Abstract: Portions of Wyoming bentonite were saturated with a series of short-chain aliphatic amine and quaternary ammonium cations, and the amine content remaining after washing was determined by combustion analysis. For those amine cations containing one or two carbon atoms, the amount of amine found was greatly in excess of the cation-exchange capacity. It is thought that this excess consists of amine cations or uncharged amine molecules which have become partly embedded in the holes associated with the oxygen rings of the silica sheet surfaces. For the larger tertiary amine cations, slightly less than the exchange capacity was found, presumably owing to blocking of some exchange sites by steric interference.
Upon treatment of the amine-saturated clays with glycerol and quantitative determination of the glycerol retained as a monolayer, it was found that these clays retain considerably less glycerol than the original bentonite. The glycerol retention values were employed to provide quantitative estimates of the interlayer clay surface left unoccupied between cation pillars. The percentage of original interlayer surface left unoccupied ranged from about 75 percent for methylamine to essentially zero for the larger tertiary amine cations.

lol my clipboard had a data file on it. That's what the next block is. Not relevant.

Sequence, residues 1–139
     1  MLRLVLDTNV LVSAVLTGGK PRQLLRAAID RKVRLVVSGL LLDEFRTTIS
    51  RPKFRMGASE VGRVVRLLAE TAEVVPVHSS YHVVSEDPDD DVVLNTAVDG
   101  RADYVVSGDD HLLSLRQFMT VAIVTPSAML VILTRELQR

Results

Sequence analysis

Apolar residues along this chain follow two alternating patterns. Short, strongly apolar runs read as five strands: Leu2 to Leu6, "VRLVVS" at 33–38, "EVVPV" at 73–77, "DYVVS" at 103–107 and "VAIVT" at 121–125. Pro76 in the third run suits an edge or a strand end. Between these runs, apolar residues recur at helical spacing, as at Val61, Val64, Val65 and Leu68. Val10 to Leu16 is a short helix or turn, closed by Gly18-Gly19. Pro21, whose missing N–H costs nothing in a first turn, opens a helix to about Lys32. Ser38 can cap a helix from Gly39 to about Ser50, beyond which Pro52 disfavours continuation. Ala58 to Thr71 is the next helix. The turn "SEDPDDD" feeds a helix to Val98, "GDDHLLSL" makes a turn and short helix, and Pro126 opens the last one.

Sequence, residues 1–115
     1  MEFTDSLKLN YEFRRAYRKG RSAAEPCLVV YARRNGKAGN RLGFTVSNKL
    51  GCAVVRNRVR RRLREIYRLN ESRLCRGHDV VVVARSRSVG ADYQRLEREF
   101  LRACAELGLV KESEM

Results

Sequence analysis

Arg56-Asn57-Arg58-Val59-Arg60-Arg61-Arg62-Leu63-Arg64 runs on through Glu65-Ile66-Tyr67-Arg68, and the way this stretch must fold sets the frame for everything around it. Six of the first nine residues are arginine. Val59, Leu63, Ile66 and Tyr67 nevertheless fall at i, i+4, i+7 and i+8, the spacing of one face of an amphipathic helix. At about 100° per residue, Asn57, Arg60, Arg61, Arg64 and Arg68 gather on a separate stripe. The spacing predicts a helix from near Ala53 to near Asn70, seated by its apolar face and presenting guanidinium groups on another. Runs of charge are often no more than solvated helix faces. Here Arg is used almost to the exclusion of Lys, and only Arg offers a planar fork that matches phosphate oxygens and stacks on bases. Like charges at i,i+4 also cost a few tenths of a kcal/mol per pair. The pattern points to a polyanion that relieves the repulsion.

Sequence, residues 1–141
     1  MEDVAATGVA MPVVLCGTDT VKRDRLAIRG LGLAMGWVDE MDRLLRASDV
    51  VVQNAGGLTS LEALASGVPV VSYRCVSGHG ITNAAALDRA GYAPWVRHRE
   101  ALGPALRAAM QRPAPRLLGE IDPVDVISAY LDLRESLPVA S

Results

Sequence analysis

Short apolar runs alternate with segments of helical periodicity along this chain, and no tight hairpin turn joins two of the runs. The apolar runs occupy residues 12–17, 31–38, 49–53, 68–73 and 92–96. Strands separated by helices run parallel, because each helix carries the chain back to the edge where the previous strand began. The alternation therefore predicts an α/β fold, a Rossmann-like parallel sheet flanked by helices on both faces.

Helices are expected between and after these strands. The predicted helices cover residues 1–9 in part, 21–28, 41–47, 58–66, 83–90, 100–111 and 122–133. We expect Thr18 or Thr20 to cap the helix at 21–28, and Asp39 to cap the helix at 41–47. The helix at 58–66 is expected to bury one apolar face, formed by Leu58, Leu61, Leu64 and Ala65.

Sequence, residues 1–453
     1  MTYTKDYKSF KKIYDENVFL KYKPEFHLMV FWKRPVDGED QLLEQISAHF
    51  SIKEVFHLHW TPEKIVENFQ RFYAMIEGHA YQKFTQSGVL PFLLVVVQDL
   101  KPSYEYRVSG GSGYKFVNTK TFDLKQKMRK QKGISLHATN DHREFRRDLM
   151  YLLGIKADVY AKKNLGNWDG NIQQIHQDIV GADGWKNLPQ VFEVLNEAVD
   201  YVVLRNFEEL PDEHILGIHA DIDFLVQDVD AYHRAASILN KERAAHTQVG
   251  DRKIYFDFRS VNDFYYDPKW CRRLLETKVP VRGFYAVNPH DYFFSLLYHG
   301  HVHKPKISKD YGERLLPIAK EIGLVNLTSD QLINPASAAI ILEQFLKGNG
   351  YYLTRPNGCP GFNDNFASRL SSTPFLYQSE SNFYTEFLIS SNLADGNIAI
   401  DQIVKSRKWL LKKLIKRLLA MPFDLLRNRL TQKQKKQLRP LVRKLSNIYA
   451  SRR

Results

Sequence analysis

The validity of the areas calculated from the glycerol retention results was indirectly confirmed by deriving estimates of the cross-sectional areas of the several cations from the observed reductions in amount of glycerol retained. These experimentally derived cross-sectional areas were found to be in satisfactory agreement with areas of the cations projected from atom models.